Evergreen, BP latest to pause Red Sea transit following attack on cargo vessels near Yemen

Mounting attacks by the Iran-aligned Yemeni Houthi militant group on ships in the Red Sea are disrupting maritime trade as leading global freight firms reroute around the Cape of Good Hope to avoid the Suez Canal.

A military spokesperson for the group said it launched a drone attack on two cargo vessels in the area on Monday, the Norwegian-owned M/V Swan Atlantic and the MSC Clara. 

These were the latest in a series of missile and drone strikes on shipping, which it says are a response to Israel’s assault on the Gaza Strip.

U.S. Defence Secretary Lloyd Austin, speaking on a visit to Israel, said Washington was building a coalition to address the Houthi threat and said defence ministers from the region and beyond would hold virtual talks on the issue on Tuesday.

Oystein Elgan, chief executive of the Swan Atlantic’s owner Inventor Chemical Tankers, told Reuters the ship’s water tank had been damaged in the attack but all the vessel’s systems were operating normally. None of its crew had been injured.

Operator Uni-Tankers said in a statement the crew had brought under control a small fire after the vessel was struck on its port side. The ship was carrying vegetable oils and is sailing to Reunion Island.

The attacks — combined with a drought impacting ship crossings through the Panama Canal — will “add to the price of energy, it’s going to add to inflation, it’s going to create wider military and international tensions,” said Radhika Desai, a professor in the political science faculty at the University of Manitoba.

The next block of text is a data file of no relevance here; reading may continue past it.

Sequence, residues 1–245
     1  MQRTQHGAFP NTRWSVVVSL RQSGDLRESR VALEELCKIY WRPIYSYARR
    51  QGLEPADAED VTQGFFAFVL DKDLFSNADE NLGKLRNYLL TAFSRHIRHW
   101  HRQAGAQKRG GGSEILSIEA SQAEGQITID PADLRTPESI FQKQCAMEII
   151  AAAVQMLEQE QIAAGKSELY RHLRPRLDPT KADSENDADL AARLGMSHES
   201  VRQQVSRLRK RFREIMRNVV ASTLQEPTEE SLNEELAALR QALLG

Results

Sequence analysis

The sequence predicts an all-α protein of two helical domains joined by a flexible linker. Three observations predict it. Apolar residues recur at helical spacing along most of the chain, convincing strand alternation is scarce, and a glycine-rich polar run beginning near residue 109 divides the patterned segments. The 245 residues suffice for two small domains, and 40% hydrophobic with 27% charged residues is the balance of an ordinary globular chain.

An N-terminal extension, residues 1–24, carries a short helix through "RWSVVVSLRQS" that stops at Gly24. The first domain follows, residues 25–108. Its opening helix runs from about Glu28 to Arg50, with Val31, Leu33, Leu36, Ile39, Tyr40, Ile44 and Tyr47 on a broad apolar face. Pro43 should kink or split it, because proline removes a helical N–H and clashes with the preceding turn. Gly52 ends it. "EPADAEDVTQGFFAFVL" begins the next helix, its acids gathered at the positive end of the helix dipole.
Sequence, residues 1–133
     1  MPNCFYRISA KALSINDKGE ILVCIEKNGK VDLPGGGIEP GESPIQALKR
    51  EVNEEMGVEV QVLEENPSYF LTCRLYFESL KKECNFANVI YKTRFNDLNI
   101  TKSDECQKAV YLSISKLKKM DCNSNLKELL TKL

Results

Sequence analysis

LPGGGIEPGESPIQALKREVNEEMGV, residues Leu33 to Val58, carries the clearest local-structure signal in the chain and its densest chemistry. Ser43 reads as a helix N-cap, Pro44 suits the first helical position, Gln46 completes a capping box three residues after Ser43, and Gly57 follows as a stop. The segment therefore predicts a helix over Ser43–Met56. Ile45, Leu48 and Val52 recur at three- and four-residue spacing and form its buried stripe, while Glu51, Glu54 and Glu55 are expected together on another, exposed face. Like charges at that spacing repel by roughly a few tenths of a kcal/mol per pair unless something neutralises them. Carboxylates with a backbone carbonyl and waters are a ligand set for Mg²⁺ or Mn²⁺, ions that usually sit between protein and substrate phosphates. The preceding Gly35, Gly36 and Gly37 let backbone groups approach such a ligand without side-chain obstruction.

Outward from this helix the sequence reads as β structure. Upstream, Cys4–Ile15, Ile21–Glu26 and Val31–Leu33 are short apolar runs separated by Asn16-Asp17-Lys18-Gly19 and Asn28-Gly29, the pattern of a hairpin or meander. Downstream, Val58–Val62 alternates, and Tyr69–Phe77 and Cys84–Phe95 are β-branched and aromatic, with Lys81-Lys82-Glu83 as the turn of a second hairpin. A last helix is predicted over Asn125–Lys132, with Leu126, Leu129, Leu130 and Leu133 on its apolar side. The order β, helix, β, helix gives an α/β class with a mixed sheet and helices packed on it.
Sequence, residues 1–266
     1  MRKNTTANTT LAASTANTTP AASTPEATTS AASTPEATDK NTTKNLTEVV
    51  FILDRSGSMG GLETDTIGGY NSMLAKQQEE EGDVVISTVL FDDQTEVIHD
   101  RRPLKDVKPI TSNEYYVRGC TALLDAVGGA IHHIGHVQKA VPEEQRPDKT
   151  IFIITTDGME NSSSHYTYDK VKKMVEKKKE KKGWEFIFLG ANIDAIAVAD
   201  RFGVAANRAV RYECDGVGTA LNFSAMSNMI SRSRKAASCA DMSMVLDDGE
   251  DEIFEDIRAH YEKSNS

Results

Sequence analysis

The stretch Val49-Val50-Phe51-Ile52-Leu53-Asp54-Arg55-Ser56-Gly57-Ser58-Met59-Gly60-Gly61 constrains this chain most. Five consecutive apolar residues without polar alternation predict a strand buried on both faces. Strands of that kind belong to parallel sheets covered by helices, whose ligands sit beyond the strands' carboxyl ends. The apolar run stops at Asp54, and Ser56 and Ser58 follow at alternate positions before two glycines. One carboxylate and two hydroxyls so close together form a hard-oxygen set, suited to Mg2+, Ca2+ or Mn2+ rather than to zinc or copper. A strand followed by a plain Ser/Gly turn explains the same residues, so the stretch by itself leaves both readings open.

She said the U.S. is trying to extend its ongoing protection of Israel by introducing a task force to mitigate threats to vessels passing through the Suez Canal, adding that the disruptions to trade will likely last as long as Israel continues its bombardment of Gaza.

‘Deteriorating security situation’

Taiwanese container shipping line Evergreen said on Monday that it has decided to temporarily stop accepting Israeli cargo with immediate effect and instructed its container ships to suspend navigation through the Red Sea until further notice.

Meanwhile, oil and gas giant BP also paused transit through the area. Shipping giants MSC, Hapag-Lloyd, CMA CGM and Maersk had done so earlier, according to a CNBC report.

“In light of the deteriorating security situation for shipping in the Red Sea, BP has decided to temporarily pause all transits through the Red Sea,” the company said in a statement shared with CBC News. “We will keep this precautionary pause under ongoing review, subject to circumstances as they evolve in the region.”

WATCH | Houthi attacks show solidarity with Palestinians:

Houthi militias attacking ships in the Red Sea

Yemen’s Houthi militias have been attacking commercial ships in the Red Sea, claiming they’re acting in solidarity with Palestinians and that all of the targets have some connection to Israel. Now, the U.S. is calling for a coalition to protect vessels.

The Suez Canal shipping route, which leads to the Red Sea, is a vital waterway for global trade, used to transport energy and other goods between Europe and Asia, and elsewhere. The route saves on time and expense by avoiding navigating around the entire Africa continent.